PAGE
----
A for Apple

27 Jan 2015 By Robert Cyran

Apple shined last quarter as boss Tim Cook dished up a Chinese feast. The technology giant overcame a strong dollar and stiff competition from rival Samsung in the Middle Kingdom, helping it to first-quarter iPhone sales of a record 74 million worldwide. The company also tallied revenue growth of 30 percent and earnings of $18 billion. With the Apple watch near its debut and Apple Pay doing well, Cook may have found a recipe to rival late founder Steve Jobs’ success.

Booming phone sales in China were expected, but even the most bullish analysts were caught off guard by the numbers. Apple’s revenue rose 70 percent in China last quarter compared with the same period a year earlier. It’s now the top smartphone vendor in China, according to data firm Canalys, and the country accounts for more than a fifth of its revenue overall.

That’s a remarkable achievement, considering the economic headwinds. A rapidly strengthening dollar clipped Apple’s revenue by about 4 percent. Falling commodity prices hurt emerging markets, prompting consumers to pull back generally. And while Samsung has struggled, Chinese rivals like Xiaomi are gunning hard for market share.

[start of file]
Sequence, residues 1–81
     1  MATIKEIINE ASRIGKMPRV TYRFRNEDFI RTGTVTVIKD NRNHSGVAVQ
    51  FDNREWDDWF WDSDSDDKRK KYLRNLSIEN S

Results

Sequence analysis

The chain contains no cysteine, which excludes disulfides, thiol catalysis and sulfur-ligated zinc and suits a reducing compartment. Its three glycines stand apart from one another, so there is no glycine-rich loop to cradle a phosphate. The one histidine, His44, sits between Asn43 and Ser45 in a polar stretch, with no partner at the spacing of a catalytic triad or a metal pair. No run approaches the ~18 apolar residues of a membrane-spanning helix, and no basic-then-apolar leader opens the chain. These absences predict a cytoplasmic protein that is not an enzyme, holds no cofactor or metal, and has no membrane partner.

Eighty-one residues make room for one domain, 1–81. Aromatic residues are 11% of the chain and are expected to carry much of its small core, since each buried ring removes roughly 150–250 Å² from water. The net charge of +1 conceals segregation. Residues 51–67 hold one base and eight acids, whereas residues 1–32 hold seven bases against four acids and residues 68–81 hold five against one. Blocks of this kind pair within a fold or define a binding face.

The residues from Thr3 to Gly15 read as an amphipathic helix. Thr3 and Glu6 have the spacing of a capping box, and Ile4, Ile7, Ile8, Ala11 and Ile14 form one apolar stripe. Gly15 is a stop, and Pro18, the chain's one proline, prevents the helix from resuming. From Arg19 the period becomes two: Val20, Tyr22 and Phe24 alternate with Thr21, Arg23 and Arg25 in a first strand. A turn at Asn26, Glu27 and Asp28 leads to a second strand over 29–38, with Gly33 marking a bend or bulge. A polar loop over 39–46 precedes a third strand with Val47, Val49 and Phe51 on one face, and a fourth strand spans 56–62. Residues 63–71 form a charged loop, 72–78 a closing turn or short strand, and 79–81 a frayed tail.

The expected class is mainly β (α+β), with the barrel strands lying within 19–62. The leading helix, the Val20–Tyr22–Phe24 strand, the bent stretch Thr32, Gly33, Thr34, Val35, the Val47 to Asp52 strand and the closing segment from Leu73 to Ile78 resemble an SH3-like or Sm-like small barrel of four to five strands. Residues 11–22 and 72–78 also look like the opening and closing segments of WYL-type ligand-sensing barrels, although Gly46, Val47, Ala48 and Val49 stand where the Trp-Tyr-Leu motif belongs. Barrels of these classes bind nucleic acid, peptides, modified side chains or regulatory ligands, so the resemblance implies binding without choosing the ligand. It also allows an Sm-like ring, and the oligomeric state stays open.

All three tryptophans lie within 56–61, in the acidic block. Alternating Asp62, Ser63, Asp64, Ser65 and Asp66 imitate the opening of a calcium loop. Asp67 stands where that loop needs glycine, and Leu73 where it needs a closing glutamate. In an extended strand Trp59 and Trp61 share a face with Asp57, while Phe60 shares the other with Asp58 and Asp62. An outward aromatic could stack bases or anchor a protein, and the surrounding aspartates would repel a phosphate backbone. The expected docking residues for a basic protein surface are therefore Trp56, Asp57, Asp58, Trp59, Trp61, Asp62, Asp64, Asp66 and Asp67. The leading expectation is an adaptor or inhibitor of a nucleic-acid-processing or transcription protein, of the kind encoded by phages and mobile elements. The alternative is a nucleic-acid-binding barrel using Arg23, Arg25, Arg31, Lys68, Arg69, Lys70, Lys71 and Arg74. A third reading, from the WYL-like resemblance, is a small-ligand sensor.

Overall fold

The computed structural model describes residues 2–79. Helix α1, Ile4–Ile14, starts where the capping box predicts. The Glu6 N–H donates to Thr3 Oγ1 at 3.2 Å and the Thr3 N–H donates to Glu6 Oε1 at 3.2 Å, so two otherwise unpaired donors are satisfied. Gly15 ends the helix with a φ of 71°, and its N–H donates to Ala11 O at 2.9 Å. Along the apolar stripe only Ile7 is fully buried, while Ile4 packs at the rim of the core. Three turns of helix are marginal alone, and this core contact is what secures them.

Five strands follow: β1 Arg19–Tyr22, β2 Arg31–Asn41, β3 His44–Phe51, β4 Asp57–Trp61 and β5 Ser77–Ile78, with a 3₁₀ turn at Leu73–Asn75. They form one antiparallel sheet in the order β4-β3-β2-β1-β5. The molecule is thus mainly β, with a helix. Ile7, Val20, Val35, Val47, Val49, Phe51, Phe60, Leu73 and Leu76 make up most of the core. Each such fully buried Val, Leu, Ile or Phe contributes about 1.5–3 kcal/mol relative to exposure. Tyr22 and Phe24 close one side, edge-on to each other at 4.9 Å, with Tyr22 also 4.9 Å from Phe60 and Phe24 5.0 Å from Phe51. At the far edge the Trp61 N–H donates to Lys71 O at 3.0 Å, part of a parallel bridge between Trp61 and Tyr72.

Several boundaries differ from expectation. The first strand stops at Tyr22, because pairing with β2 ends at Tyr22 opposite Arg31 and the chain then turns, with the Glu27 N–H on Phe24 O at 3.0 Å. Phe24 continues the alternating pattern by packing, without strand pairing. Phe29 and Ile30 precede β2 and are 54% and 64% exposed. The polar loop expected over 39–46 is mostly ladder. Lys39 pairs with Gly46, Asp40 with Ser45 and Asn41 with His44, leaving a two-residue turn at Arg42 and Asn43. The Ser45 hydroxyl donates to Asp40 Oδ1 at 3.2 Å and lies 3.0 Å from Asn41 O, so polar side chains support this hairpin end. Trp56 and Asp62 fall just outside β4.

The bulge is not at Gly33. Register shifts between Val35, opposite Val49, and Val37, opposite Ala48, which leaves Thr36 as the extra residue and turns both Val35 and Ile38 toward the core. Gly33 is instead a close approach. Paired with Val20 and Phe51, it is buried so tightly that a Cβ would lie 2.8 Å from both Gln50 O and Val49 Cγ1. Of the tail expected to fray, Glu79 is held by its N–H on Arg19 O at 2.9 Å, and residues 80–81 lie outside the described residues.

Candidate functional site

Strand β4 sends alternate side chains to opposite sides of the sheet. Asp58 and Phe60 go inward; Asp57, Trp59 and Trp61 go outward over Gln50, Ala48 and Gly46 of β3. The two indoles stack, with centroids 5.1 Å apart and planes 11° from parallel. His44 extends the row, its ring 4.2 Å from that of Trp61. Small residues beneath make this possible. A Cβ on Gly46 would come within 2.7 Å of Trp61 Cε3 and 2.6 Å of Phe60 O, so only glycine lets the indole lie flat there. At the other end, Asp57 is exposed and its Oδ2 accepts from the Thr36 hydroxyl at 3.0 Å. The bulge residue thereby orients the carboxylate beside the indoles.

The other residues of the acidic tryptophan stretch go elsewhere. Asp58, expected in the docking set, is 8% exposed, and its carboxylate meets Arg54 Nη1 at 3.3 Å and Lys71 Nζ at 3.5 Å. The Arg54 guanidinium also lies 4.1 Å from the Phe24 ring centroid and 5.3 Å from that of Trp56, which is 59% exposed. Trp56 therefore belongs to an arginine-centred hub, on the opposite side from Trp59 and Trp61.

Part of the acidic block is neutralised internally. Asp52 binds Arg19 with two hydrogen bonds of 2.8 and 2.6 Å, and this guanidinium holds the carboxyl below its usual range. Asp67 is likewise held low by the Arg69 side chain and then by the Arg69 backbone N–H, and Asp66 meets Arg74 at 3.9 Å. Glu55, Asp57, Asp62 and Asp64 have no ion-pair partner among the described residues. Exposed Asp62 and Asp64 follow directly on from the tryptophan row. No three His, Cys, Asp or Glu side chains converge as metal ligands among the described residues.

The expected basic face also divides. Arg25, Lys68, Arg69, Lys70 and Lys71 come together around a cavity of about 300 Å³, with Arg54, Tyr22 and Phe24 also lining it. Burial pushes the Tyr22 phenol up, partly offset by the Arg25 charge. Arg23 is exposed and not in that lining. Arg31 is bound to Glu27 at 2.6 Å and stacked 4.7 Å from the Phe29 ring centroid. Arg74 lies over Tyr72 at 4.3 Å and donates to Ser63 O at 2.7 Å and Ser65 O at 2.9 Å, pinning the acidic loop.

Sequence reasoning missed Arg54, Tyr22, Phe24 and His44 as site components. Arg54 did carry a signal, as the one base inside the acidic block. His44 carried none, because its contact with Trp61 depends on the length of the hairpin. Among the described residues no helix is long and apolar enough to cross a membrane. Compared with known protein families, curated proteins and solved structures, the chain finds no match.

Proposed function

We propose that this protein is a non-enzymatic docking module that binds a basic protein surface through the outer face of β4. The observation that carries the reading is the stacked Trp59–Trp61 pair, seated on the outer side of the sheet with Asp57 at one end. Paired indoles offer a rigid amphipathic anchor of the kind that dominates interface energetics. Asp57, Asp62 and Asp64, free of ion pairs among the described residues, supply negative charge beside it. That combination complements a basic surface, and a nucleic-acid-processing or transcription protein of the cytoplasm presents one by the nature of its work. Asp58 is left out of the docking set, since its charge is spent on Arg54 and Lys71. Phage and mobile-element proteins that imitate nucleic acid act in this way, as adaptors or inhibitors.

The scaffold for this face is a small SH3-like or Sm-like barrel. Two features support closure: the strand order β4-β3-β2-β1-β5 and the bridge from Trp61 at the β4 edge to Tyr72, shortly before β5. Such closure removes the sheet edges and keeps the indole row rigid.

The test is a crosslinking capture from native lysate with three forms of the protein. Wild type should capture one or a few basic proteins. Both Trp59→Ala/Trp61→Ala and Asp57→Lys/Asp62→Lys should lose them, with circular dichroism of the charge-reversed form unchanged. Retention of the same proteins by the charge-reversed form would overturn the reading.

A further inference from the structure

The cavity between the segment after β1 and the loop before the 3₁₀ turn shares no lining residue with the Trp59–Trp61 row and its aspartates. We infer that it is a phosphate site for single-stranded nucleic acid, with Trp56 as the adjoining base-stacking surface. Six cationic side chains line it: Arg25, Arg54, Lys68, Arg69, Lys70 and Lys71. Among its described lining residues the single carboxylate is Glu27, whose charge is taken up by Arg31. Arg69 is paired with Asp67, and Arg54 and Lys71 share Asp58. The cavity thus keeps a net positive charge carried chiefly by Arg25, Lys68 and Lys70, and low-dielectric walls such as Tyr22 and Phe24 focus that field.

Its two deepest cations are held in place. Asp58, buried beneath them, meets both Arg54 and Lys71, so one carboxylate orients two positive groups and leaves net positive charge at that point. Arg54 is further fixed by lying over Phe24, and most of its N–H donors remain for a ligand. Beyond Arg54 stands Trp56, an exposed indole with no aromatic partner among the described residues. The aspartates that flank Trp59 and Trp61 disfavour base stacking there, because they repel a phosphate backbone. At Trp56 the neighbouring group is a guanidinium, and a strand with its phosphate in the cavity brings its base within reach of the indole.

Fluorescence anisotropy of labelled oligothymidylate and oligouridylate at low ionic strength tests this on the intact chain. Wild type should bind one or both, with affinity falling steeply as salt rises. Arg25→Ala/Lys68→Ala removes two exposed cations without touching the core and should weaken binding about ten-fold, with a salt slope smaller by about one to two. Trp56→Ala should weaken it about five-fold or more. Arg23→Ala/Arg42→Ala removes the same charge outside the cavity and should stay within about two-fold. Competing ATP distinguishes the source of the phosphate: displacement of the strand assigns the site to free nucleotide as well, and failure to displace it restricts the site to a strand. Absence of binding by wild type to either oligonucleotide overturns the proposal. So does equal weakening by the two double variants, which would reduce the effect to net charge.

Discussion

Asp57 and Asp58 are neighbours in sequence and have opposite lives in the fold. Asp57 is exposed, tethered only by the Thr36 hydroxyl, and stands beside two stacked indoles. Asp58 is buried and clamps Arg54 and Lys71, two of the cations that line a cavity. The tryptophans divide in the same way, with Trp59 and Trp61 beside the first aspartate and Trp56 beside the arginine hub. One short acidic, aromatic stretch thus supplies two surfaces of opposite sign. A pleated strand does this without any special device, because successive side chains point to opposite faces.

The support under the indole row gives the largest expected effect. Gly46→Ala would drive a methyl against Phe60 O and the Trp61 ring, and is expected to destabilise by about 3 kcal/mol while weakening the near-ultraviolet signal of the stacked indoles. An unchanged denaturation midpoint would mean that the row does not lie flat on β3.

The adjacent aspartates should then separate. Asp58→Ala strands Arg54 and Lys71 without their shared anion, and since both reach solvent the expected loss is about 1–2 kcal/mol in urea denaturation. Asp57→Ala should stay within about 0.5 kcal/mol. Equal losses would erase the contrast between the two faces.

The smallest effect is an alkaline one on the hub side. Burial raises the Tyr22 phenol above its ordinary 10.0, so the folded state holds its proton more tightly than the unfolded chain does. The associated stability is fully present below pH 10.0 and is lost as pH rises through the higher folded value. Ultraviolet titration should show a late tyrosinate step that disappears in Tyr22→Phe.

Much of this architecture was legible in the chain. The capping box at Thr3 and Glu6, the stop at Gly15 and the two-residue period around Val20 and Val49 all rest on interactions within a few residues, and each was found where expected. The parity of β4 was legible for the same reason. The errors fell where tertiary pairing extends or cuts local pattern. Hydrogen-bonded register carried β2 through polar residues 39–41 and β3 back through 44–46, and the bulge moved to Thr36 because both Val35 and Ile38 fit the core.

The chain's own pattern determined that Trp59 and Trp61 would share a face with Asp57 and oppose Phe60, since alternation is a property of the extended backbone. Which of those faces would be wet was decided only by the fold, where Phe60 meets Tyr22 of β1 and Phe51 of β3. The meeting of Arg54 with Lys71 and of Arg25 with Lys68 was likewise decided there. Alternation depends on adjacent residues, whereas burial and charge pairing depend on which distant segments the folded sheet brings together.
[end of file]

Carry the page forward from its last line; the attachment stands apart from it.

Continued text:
Yet demand for Apple’s new phones remains strong. Not only did the company sell more than ever last quarter, but the amount customers paid for them rose as well. That’s unusual in the technology industry, where prices regularly fall. Apple’s pricing power is evident in its strong profits and high overall gross margin, which increased to 39.9 percent.

Upon becoming chief executive, Cook initially held critics at bay by returning massive amounts of capital to investors – more than $100 billion to date. And the iPhone’s continued success means Apple can probably boost buybacks even further: The company has $178 billion in cash sitting on its balance sheet.

But financial engineering isn’t necessarily Cook’s thing. Rising smartphone sales, Apple Pay’s profitability and the expected April launch of the Apple watch are pretty good evidence that the unassuming chief executive can dole out innovative products with the best of them.


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